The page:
As previously reported, South Sudan has been afflicted with a new wave of civil war for two years now, since December 2013. The sustained work the Comboni Missionaries carry out in the country is sadly just a drop in the ocean for the deepening crisis.
In two years of conflict, tens of thousands of people have been killed in South Sudan, and two million more displaced. Schools, health centres and markets have been looted and destroyed. Last year, a humanitarian response on the scale of $1.8 billion was required to prevent a famine in the country. Now, the food crisis is on the precipice of worsening.
At least 40% of the country’s population – 4.6 million people – will be facing acute food insecurity within the next three months, according to new figures. While the most severe shortages are predicted for the country’s northeast where the fighting has centred, the hunger belt now covers much of the country’s northern half. At the same time, economists are warning that the combination of conflict and the global downturn in oil prices – the country’s main source of revenue – has brought South Sudan’s economy to the brink of collapse. Skyrocketing costs and an underperforming currency are especially threatening to urban communities where people are forced to buy most of their food. Some already cannot afford to eat.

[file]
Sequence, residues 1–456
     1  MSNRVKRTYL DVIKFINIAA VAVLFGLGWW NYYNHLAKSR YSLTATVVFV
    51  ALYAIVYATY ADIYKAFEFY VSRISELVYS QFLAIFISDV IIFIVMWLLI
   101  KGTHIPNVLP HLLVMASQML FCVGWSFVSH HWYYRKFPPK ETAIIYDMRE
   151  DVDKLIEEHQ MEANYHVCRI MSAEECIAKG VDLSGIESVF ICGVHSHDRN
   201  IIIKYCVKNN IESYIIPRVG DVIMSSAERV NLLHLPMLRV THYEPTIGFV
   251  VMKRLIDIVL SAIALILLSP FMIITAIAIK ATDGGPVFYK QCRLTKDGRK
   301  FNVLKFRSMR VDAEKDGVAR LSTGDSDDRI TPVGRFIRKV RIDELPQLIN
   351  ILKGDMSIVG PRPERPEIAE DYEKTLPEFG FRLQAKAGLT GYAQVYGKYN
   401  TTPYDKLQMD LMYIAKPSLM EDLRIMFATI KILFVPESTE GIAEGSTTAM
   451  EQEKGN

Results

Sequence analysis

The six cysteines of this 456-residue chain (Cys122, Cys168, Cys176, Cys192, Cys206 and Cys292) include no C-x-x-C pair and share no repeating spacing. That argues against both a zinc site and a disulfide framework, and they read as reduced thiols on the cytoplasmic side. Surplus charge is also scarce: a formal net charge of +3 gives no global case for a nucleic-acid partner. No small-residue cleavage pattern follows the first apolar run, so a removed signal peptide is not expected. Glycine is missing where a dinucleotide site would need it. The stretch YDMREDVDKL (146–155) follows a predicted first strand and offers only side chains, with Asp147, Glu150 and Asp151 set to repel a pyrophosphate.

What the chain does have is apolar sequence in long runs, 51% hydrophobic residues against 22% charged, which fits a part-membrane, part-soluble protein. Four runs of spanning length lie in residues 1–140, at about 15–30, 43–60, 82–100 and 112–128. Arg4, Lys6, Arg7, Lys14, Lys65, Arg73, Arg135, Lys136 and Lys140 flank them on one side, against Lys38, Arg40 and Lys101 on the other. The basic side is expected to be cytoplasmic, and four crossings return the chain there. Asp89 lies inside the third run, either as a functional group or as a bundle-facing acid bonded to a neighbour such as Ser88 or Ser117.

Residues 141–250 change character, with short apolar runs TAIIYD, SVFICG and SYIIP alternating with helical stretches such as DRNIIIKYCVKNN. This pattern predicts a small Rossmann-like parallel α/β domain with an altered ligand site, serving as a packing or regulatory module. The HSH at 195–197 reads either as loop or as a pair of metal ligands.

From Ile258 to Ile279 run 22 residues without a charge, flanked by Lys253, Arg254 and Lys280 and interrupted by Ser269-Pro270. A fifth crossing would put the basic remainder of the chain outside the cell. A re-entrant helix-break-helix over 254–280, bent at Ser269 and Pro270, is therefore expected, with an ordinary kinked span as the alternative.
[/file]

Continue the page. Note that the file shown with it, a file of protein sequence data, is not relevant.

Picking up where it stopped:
“All of this means a crisis is arriving very, very quickly,” said Shaun Hughes, who heads the South Sudan World Food Programme – and on a scale unprecedented in the already suffering country.